The ANC remains the instrument of national liberation and a priceless heritage of the toiling, loyal masses of our land. Upon joining the ANC, members take an oath to defend and deepen unity in the ANC. This sacred vow enjoins members to place all their energies and skills at the disposal of the organisation and to contribute in “making the ANC an even more effective instrument of liberation in the hands of the people”.
Twenty-five years since our democratic breakthrough, the ANC’s vanguard role in bringing a better life to all remains crucial. Despite the ANC’s success in changing the face of our nation, there are many more people that remain trapped in the clutches of degrading poverty and deprivation. The ANC is still their only hope to improve their lives. And loyal ANC cadres know that there can be no justification for allowing distractions or divisions to weaken the organisation to the point of betraying the people’s trust on whose behalf the ANC draws its legitimacy to exist.
Without unity, the ANC will be ineffective in discharging its responsibility to deliver economic emancipation and free the masses from the shackles of poverty, unemployment, and inequality. Only a united ANC that speaks with one voice is capable of accelerating the restoration of the dignity of the impoverished masses. History would judge the ANC harshly if it paid lip service to the unity of the movement and the people.
On his return to South Africa after thirty years in exile, OR Tambo said to the ANC: “I have devotedly watched over the organisation all these years. I now hand it back to you, bigger, stronger – intact. Guard our precious movement.”
And at the re-launch of the ANC Youth League inside the country, OR Tambo said: “We have survived these many decades of ruthless persecution because not once did we lose sight of the necessity for defending our unity. We can win our freedom by fostering maximum unity amongst our people.”
The ANC has faced countless challenges since its birth in 1912. But given the pool and depth of leadership in the organisation and its traditions of democratic centralism, it has always been able to self- correct and renew itself. It did so at Morogoro for instance.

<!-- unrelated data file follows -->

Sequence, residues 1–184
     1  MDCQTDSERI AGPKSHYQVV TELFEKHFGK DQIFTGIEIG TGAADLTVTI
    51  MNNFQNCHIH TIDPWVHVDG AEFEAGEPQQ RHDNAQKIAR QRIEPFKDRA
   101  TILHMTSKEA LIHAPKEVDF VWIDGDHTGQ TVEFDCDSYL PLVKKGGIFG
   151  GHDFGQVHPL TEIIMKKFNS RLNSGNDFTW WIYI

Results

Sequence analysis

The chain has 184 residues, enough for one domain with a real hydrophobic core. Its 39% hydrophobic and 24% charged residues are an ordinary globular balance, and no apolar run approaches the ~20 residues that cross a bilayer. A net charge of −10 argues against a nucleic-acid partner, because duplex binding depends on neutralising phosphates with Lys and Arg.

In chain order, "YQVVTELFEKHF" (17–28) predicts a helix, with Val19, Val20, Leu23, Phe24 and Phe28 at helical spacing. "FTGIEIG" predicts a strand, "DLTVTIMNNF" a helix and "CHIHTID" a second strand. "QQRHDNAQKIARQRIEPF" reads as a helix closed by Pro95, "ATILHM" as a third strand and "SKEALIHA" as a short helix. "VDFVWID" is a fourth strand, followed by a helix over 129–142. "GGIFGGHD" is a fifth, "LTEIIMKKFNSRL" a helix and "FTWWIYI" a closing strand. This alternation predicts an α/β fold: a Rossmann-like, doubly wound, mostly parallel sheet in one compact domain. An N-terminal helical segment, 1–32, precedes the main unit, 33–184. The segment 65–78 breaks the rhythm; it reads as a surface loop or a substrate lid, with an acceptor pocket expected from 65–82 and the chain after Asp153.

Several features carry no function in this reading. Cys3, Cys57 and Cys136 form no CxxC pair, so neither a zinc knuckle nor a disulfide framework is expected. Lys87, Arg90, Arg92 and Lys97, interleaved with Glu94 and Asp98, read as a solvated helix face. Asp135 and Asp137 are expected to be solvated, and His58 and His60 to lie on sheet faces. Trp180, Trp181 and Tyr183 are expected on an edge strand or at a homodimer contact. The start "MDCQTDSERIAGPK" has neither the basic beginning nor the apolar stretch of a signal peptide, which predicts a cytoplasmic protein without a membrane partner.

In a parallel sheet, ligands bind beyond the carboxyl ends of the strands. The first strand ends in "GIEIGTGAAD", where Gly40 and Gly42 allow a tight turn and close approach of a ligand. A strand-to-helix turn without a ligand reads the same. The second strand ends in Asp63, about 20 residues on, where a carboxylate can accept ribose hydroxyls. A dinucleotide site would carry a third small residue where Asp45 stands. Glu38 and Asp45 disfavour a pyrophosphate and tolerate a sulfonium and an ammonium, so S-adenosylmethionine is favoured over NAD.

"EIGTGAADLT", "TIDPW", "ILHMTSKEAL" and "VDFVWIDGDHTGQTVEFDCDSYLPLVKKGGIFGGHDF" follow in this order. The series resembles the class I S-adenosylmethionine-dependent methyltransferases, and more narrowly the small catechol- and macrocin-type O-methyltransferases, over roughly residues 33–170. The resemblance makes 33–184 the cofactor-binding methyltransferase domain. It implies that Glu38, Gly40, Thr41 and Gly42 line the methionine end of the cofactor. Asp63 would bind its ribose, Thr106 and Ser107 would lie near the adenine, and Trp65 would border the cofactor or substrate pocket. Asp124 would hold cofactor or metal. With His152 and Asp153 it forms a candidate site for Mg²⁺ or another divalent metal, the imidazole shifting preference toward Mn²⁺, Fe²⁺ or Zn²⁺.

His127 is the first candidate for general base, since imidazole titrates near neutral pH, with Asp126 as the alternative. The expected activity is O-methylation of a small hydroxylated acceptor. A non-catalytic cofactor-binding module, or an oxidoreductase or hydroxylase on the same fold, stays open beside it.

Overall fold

Since our last National Conference, the ANC has been demonstrating in word and in action its resolve to unite and renew itself. And the day the ANC fails to unite for any reason, that could spell the beginning of the end of our glorious movement. Tambo teaches us that the ANC must always rise above its challenges for the sake of the suffering masses that it leads.
The ANC held its 48th National Conference in July 1991 in Durban. In his opening address, Comrade President Tambo made the important remark: “We did not tear ourselves apart because of lack of progress at times. We were always ready to accept our mistakes and to correct them. Above all, we succeeded to foster and defend the unity of the ANC and the unity of our people in general. Even in bleak moments, we were never in doubt regarding the winning of freedom. We have never been in doubt that the people’s cause shall triumph.”
It was at the National Conference in Durban that Oliver Tambo easily handed Nelson Mandela the baton and the banner of the leadership of our organisation. The position of ANC Chairperson was created for the immortal, wise sage of the ANC, OR Tambo.
Nelson Mandela described OR Tambo as “the crystallisation and personification of what the ANC is and became under his leadership”.
Comrade OR was the ultimate embodiment of the ANC’s principles and values of non-racialism. He believed that it is the ANC’s, “responsibility to break down barriers of division and create a country where there will be neither whites nor blacks, just South Africans, free and united in diversity.”
Having suffered the brutality of racial oppression and division, never in its history had the founders and generations of ANC stalwarts envisioned a national democratic society founded on the pillars of injustice and racial exclusion. The founding fathers and mothers of the ANC saw the unity of the ANC as sacrosanct and as a cornerstone upon which to unite all South Africans.
In its short, 25 years of governance, the ANC’s greatest gift and legacy to South Africa and the world remains its ongoing effort and unequalled commitment to creating common nationhood. Such is the vision of national democratic society that is under-girded by fairness and buttressed by economic redress in favour of the historically disadvantaged.